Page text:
ANSI SCSI Standards

The SCSI standard defines the physical and electrical parameters of a parallel I/O bus used to connect computers and peripheral devices in daisy-chain fashion. The standard supports devices such as disk drives, tape drives, and CD-ROM drives.

The original SCSI standard (ANSI X3.131-1986) was approved in 1986, SCSI-2 was approved in January 1994, and the first portions of SCSI-3 were approved in 1995. Note that SCSI-3 has evolved into an enormous standard with numerous sections and is an evolving, growing standard still very much under development.

Because it has been broken down into multiple standards, there really is no single SCSI-3 standard. The SCSI interface is defined as a standard by ANSI (the American National Standards Institute), specifically by a committee currently known as T10.

T10 is a technical committee of the InterNational Committee on Information Technology Standards (INCITS, pronounced "insights"). INCITS is accredited by ANSI and operates under rules approved by ANSI. These rules are designed to ensure that voluntary standards are developed by the consensus of industry groups.

INCITS develops information-processing system standards, whereas ANSI approves the processes under which they are developed and publishes them. Working draft copies of all SCSI-related standards can be downloaded from the T10 Technical Committee.

One problem with the original SCSI-1 document was that many of the commands and features were optional, and there was little or no guarantee that a particular peripheral would support the expected commands.

This problem caused the industry as a whole to define a set of 18 basic SCSI commands called the Common Command Set (CCS) to become the minimum set of commands supported by all peripherals. CCS became the basis for what is now the SCSI-2 specification.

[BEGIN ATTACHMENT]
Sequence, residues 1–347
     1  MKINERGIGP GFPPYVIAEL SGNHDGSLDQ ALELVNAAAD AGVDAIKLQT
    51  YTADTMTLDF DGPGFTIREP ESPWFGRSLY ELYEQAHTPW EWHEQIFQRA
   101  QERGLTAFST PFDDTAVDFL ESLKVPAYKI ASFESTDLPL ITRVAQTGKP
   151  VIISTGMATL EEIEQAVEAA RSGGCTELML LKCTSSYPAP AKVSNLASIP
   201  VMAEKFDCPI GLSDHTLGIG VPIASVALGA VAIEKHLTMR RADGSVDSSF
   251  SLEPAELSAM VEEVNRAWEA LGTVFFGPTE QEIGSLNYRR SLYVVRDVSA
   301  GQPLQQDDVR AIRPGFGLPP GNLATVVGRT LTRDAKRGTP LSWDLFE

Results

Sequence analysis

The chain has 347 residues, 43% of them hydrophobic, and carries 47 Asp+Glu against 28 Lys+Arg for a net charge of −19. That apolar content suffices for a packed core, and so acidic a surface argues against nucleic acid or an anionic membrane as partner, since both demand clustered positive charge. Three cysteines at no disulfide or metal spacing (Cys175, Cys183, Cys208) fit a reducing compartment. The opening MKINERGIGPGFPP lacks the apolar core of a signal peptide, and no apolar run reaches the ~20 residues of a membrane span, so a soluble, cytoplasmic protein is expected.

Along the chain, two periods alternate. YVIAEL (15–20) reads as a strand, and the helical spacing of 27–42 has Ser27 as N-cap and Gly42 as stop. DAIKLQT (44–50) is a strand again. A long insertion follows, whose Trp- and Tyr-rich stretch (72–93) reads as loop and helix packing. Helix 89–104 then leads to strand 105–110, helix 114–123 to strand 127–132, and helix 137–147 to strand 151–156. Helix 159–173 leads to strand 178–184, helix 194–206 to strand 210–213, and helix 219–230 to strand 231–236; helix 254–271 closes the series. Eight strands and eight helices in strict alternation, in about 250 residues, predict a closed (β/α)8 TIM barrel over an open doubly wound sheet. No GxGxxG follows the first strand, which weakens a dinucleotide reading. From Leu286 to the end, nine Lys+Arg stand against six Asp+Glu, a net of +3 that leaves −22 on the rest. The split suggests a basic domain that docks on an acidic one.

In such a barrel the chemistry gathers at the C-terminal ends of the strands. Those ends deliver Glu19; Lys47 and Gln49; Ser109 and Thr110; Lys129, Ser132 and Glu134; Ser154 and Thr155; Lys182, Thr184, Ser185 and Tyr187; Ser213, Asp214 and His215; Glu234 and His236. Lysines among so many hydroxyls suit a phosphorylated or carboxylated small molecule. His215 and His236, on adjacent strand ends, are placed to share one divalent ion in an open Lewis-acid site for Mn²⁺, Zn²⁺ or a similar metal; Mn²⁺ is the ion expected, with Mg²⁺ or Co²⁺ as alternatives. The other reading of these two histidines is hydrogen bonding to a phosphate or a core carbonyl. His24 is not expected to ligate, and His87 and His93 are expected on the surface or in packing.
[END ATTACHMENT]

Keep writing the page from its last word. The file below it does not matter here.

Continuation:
Along with formal support for CCS, SCSI-2 provided additional definitions for commands to access CD-ROM drives (and their sound capabilities), tape drives, removable drives, optical drives, and several other peripherals. In addition, an optional higher-speed version called Fast SCSI-2 and a 16-bit version called Wide SCSI-2 were defined.

Another feature of SCSI-2 is command queuing, which enables a device to accept multiple commands and execute them in the order that the device deems to be most efficient. This feature is most beneficial when you are using a multitasking operating system that could be sending several requests on the SCSI bus at the same time.

The X3T9 group approved the SCSI-2 standard as X3.131-1990 in August 1990, but the document was recalled in December 1990 for changes before final ANSI publication. Final approval for the SCSI-2 document was made in January 1994, although it changed little from the original 1990 release.

The SCSI-2 document is now called ANSI X3.131-1994. The official document is available from Global Engineering Documents and the ANSI committee—both are listed in the Vendor List on the DVD. You can also download working drafts of these documents from the T10 Technical Committee home page, as listed previously.